I am not a Mormon, so when I saw the video above, I needed to do some research. On the official Church of Latter-Day Saints (LDS) website, lds.org, inside its Youth section, there is a subsection entitled "Sexual Purity." Before I'd read past the title, I thought of Nation blogger and Feministing founder Jessica Valenti's book "The Purity Myth." Both Valenti's book and the new documentary based off it explore the abstinence movement, and the manner in which it and other societal and poltiical mechanisms tie a woman's self-worth to her sexuality.
There's quite a bit in that thinking in this LDS "Sexual Purity" section, but if I may play devil's advocate (ahem), at least there's room to work with -- be chaste, get married, and then go forth with God. But what if you're lesbian, gay, bisexual, or transgendered, and can't get married in the Mormon church? What does "Sexual Purity" say to young, gay Mormons? This:
Homosexual and lesbian behavior is a serious sin. If you find yourself struggling with same-gender attraction or you are being persuaded to participate in inappropriate behavior, seek counsel from your parents and bishop. They will help you.
That's why the "It Gets Better" video above -- the latest in the series originated by Seattle columnist Dan Savage -- is so newsworthy. Released recently by 22 Brigham Young University students, the video -- which is now going viral -- offers a look at what it's like actually being young, gay and Mormon, most notably the incredible struggles required to reconcile one's sexuality with one's faith:
In the video, several BYU students confess that they considered suicide because they didn’t think they could be Mormon and gay.“In our religion, there is a lot of misunderstanding and ugliness about homosexuality,” said Kendall Wilcox, a former BYU faculty member who produced the video and serves as an adviser to the school’s unofficial gay, lesbian, bisexual and transgender support group. “We wanted to send this message that God loves you just as you are.”
Keep in mind: at BYU, a Mormon university, openly stating one's sexual orientation was grounds for expulsion under the University's strict honor code as recently as 2007. Three years later, in 2010, BYU lifted its ban on the "advocacy of homosexuality." But don't get it twisted: not only is the video not without its Mormon critics outside the university, it's a brave act because while BYU is still extremely conservative by modern standards.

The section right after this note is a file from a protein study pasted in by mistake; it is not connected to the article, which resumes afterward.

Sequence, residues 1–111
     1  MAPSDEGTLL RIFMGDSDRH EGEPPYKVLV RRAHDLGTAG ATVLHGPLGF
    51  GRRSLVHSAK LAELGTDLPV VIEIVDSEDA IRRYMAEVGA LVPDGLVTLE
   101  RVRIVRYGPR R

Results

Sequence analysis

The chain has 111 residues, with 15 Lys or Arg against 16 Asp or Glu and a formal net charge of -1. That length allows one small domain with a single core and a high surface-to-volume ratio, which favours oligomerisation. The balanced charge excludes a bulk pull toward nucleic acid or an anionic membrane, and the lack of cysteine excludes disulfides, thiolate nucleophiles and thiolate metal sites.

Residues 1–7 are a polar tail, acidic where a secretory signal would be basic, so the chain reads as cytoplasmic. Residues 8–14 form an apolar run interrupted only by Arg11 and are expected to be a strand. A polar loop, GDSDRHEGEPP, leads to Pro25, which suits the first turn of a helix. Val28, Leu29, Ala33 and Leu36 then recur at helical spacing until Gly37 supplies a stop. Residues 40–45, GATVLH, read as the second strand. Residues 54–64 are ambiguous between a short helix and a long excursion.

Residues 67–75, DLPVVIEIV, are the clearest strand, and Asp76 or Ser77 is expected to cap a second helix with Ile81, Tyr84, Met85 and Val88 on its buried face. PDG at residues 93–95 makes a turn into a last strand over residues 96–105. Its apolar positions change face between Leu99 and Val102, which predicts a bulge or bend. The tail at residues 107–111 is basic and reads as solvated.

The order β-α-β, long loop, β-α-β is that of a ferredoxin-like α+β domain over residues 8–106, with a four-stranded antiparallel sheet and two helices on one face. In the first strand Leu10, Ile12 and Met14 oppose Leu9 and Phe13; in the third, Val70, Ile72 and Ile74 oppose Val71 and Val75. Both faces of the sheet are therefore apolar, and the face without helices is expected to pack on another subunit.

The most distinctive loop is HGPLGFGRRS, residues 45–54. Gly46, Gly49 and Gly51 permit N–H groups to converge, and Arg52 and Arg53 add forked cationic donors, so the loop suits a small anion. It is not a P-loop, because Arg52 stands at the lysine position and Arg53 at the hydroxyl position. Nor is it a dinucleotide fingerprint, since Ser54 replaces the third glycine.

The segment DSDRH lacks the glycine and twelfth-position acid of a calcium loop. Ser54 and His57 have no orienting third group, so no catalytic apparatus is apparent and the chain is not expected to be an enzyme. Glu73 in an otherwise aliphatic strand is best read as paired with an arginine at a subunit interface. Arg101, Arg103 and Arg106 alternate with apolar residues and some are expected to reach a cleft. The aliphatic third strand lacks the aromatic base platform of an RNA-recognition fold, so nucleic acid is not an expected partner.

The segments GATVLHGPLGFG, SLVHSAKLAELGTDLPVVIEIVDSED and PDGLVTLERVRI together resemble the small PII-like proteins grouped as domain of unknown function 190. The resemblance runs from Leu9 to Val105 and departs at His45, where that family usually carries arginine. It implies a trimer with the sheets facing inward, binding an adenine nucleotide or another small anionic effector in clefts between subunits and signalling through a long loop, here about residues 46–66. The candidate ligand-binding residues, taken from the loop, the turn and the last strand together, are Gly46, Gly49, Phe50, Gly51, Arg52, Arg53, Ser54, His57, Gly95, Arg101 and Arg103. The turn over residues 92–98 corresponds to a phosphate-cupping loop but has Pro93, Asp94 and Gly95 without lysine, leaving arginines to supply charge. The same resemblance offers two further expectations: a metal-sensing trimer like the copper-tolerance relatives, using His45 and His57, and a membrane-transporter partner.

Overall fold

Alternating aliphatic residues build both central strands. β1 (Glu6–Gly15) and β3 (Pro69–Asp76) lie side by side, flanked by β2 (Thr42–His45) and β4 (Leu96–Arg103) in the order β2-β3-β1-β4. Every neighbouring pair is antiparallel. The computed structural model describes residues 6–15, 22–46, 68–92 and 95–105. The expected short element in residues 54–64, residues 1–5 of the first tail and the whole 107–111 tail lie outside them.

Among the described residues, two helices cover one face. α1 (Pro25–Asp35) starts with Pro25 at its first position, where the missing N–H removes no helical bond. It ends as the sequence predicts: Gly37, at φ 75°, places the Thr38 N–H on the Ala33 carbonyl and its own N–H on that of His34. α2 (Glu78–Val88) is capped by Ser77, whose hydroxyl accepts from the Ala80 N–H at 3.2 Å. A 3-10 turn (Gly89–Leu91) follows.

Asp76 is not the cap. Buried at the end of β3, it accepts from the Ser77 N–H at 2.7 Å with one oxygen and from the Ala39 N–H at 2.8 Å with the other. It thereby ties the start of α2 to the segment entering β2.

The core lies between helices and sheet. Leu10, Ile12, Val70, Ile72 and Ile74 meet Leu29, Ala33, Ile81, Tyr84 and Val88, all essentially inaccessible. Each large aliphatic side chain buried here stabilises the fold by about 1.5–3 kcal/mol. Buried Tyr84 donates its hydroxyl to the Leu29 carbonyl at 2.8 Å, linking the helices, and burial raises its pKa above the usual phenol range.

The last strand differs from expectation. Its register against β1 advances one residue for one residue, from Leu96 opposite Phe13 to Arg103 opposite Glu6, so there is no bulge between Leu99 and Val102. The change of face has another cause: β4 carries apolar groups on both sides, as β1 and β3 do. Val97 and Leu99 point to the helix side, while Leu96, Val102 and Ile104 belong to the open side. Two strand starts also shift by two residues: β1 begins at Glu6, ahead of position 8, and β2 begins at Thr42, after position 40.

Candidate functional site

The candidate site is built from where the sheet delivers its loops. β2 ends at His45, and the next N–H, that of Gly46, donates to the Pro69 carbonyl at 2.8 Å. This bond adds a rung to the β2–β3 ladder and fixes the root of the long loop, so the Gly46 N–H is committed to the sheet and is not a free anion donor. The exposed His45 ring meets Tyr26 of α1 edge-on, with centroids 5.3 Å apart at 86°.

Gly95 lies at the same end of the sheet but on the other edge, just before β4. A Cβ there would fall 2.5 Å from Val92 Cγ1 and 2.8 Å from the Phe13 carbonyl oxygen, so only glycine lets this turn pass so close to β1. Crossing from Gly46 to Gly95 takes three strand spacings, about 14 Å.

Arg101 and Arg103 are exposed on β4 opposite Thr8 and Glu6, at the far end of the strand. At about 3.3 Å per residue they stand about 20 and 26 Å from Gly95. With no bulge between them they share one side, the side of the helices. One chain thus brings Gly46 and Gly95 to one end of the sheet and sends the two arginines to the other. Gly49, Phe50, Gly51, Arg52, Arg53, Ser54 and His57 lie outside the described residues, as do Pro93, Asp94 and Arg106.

Gay students are allowed to be gay at BYU, but not to behave as such. The updated honor code states: "Homosexual behavior is inappropriate and violates the Honor Code. Homosexual behavior includes not only sexual relations between members of the same sex, but all forms of physical intimacy that give expression to homosexual feelings." It needs to get even better, plainly.
On a related note, Melissa -- who has LDS heritage of her own -- had a discussion on yesterday's "MHP" about how Republican presidential candidate Mitt Romney struggles to connect with voters -- and what role his reluctance to discuss his Mormon faith might be playing. (You view the video here and embedded at right.)
Other things on our radar this Monday morning:
- Will the GOP's overall focus on religion and faith (outside of LDS) carry over into the general election?
- Federal funds for job training centers have been of increasingly short supply, due to cuts passed with little fanfare by Congress.
- E.J. Dionne spits hot fire, defending the President's criticism of the Supreme Court and Congressman Paul Ryan's budget.
- AOL has sold a ton of its patents to Microsoft for a ton of money.
- Why Democrats' recall strategy against Governor Scott Walker in Wisconsin isn't (all) about unions.
- Tulsa police say that the five random shootings last Friday may have been motivated by revenge.
- Noam Chomsky on what he calls the worldwide "assault" on public education.
- How the gimmick of tax-refund loans preys upon poor communities.
- Chris Hayes' remarkable essay from his Saturday show on jailed environmental activist Tim DeChristopher.